It has been widely noted that a ‘no deal’ Brexit has the potential to have a significant effect on cross-border civil and commercial litigation. In that scenario the UK will no longer be a party to a number of EU instruments which have long guaranteed judicial co-operation amongst Member States.
The Service Regulation
EU Regulation 1393/2007 (the “Service Regulation”) is an example of one such EU instrument which at present provides an unimpeachable method of (a) serving foreign proceedings on an Irish domiciled defendant when the foreign proceedings are commenced in an EU Member State; and (b) serving Irish proceedings on an EU domiciled defendant when proceedings are commenced in Ireland.
The benefit of using this method of service is that the process involves service by public authorities and gives proof of service in the form of a certificate given by the relevant public authority. By this process, rather than appointing private agents (such as foreign counsel) to serve the documents, the instructing lawyers lodge the relevant documents with the “Transmitting Agency” who will be responsible for transmission of the documents to be served in another Member State. In Ireland, the rules on service are set out in detail in the Rules of the Superior Courts and County Registrars have been designated as “Transmitting Agencies”. 1
What will a ‘No Deal’ mean for the Service Regulation
In the event of a ‘no deal’ Brexit, the UK will no longer remain party to the Service Regulation. This was made clear by the publication, in late 2018, by the UK government of the “Service of Documents and Taking of Evidence in Civil and Commercial Matters (Revocation and Saving Provisions) (EU Exit) Regulations 2018” which provide for the revocation of the Service Regulation in the event that a deal is not reached.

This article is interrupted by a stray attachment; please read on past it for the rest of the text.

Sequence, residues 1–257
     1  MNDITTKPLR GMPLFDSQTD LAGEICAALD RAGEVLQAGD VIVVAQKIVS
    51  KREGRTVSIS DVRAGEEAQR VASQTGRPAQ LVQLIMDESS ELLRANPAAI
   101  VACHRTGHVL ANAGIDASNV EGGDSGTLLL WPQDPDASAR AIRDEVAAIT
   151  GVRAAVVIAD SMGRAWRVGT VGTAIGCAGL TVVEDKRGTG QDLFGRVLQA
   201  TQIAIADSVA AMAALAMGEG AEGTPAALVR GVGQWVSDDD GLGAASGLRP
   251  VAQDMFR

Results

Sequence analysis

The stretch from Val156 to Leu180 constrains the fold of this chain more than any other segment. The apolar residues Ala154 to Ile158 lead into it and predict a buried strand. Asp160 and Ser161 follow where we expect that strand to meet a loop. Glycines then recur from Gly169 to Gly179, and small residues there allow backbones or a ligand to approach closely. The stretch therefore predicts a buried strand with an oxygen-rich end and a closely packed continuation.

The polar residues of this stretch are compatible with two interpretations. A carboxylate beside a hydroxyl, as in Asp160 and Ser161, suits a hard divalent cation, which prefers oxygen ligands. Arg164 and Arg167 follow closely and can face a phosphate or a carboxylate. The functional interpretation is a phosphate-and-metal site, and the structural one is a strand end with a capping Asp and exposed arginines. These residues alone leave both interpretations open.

Importantly, the UK will however remain party to the 1965 Hague Convention (the “Hague Convention”) which governs the service of judicial and extra-judicial documents in non-EU Member States. Broadly speaking, the Hague Convention provides a framework similar to that set out in the Service Regulation such that relevant judicial and extra-judicial documents may be lodged with the “Central Authority”, rather than the “Transmitting Agency”. In Ireland, the Master of the High Court is the Central Authority. 2
A Shifting Landscape
The UK was a party to the Hague Convention prior to the entry into force of the Service Regulation and that position has not changed. In the event of a ‘no deal’ scenario, the UK looks set to rely on the pre-existing Hague Convention to govern their law relating to the service of proceedings. This reliance on the legal architecture which pre-dates the EU legal framework can also be seen in other areas. For example, in the event of a ‘no deal’ Brexit, Regulation 1206/2001 on cooperation between the courts of the Member States in the taking of evidence in civil or commercial matters will no longer apply in the UK, leaving the Irish courts to rely on the Foreign Tribunals Evidence Act 1856 in respect of proceedings involving the UK, until such time as new legislation governing those matters is agreed.
However, when considering issues of service specifically, whether serving Irish proceedings on a UK domiciled defendant or whether serving UK proceedings on an Irish domiciled defendant, it will be necessary to consider the Hague Convention, rather than the Service Regulation, should a ‘no deal’ Brexit come to pass.